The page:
George IsraelIn contrast with this, Paula’s colleague from Kid Abelha, George Israel (Rio de Janeiro, 1960) released an album that clearly shows fun and an uncomplicated self secure approach. Distorções do Meu Jardim turns out to be a nice relaxed pop/rock album on which George Israel takes the opportunity to show the singer in him. Mainly recorded in the garden of his house in Teresópolis, George invited some of his old musical friends to join in. Bassist/Singer Leoni, drummer João Barone (Paralamas do Sucesso) and the great keyboardist Sacha Amback immediately set the mood in the catchy opening track “A Noite Perfeita.” Throughout the cd we’re witness of the many faces of George Israel as singer, guitarist, saxophonist, bassist, pianist and composer. One of the cd’s highlights is the easy listening pop song “Trailer” that benefits from a well chosen instrumentation, featuring horns and backing vocals. Another nice moment is the wonderful ballad George co-wrote with Suely Mesquita, “Como Você Já É.” George remembers his cooperation with the legendary rock star Cazuza with “Mina,” a song they wrote together with guitarist Nilo Romero. Humberto Barros lays down a solid basis on his keyboards for the burning band. On “Eu Posso Falar Mais Alto” George invited his friends from the band Os Britos, in which musicians from Kid Abelha and Barão Vermelho amuse themselves with the repertoire of The Beatles. On the pop ballad “O Céu Que Nos Protege” we even hear George’s teenage son Leo on the drums. The cd ends in a very pleasant way with the friendly reggae “No Amor Que Vem” with nice flute work by Rodrigo Sha.

It’s clear that George Israel had a great time during his Kid Abelha vacation. He used the time to meet with old friends, making music. He shares it with us on this unpretentious album with entertaining music. More information can be found on his website.



Paula Toller
WEA Warner Music 5051011966620 (2007)
Time: 46’16”


  1. ? (O Q É Q Eu Sou) (Erasmo Carlos)
  2. All Over (Donavon Frankenreiter – Paul Ralphes – Caio Fonseca – Paula Toller)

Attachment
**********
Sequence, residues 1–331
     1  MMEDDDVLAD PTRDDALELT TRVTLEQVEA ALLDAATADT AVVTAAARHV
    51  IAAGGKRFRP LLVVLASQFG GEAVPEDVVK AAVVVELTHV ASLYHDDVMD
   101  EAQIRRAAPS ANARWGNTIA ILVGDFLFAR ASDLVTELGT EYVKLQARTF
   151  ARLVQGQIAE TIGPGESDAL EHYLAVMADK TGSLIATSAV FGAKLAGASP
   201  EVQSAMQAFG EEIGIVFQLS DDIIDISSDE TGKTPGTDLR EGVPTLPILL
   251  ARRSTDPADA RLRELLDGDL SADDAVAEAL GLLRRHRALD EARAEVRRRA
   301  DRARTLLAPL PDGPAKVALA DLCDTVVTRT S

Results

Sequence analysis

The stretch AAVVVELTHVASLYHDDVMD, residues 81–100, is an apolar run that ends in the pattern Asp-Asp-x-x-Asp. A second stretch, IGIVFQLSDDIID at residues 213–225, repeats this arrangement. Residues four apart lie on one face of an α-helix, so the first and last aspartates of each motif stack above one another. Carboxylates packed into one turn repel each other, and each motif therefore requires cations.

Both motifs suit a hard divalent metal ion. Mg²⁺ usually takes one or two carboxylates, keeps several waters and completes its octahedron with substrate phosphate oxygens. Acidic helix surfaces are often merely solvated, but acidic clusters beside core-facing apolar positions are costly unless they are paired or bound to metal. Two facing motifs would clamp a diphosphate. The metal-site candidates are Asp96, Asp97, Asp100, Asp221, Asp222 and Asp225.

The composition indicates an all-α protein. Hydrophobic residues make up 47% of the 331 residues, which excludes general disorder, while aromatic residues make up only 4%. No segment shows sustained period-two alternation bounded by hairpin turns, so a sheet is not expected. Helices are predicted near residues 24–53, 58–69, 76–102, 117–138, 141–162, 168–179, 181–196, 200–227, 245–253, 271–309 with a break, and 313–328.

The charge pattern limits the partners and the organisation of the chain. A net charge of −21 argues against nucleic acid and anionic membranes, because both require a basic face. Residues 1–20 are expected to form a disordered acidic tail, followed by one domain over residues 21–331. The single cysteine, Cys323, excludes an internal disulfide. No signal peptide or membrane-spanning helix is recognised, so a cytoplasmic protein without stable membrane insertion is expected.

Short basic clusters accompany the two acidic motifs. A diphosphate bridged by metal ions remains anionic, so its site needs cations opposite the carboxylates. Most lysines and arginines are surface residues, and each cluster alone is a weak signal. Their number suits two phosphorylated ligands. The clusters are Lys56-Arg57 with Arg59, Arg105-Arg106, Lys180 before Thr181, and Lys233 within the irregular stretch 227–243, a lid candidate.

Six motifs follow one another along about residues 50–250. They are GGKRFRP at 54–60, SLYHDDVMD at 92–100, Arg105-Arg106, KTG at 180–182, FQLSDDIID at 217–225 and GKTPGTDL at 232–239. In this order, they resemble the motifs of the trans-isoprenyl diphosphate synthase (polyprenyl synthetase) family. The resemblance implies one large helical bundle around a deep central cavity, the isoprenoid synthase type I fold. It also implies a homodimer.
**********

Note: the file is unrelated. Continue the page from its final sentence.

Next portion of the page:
3. À Noite Sonhei Contigo (Kevin Johansen (Portuguese version: Paula Toller))
  4. Pane de Maravilha (Dado Villa-Lobos – Paula Toller – Fausto Fawcet)
  5. If You Won’t (Jesse Harris)
  6. Meu Amor Se Mudou pra Lua (Nenung)
  7. Tudo Se Perdeu (Rufus Wainwright (Portuguese version: Paula Toller)
  8. Long Way from Home (Jesse Harris)
  9. Barcelona 16 (Paula Toller – Paul Ralphes – Caio Fonseca)
  10. Eu Quero Ir Pra Rua (Coringa – Paula Toller)
  11. Um Primeiro Beijo (Paula Toller -Paul Ralphes – Caio Fonseca)
  12. Você me Ganhou de Presente (Paul Ralphes – Coringa – Paula Toller)
  13. Rústica (Dado Villa-Lobos – Paula Toller)
  14. Glass (I’m So Brazilian) (Kevin Johansen)


Distorções do Meu Jardim

George Israel 
Distorções do Meu Jardim
Som Livre 0760 2 (2007)
Time: 40’48”


  1. A Noite Perfeita (George Israel – Leoni)
  2. Alguém Como Você (George Israel – Alvin L)
  3. Trailer (George Israel)
  4. Como Você Já É (George Israel – Suely Mesquita)
  5. Muda (George Israel)
  6. As Rosas Não Falam (Cartola)
  7. Mina (George Israel – Nilo Romero – Cazuza)
  8. Chão de Jardim (George Israel – Marcelo Camelo)
  9. Eu Posso Falar Mais Alto (George Israel – Alvin L)
  10. Curados ao Sol de Copacabana (George Israel)
  11. O Céu que nos Protege (George Israel – Guto Goffi – Dadi)
  12. No Amor que Vem (George Israel – Hélio Rocha)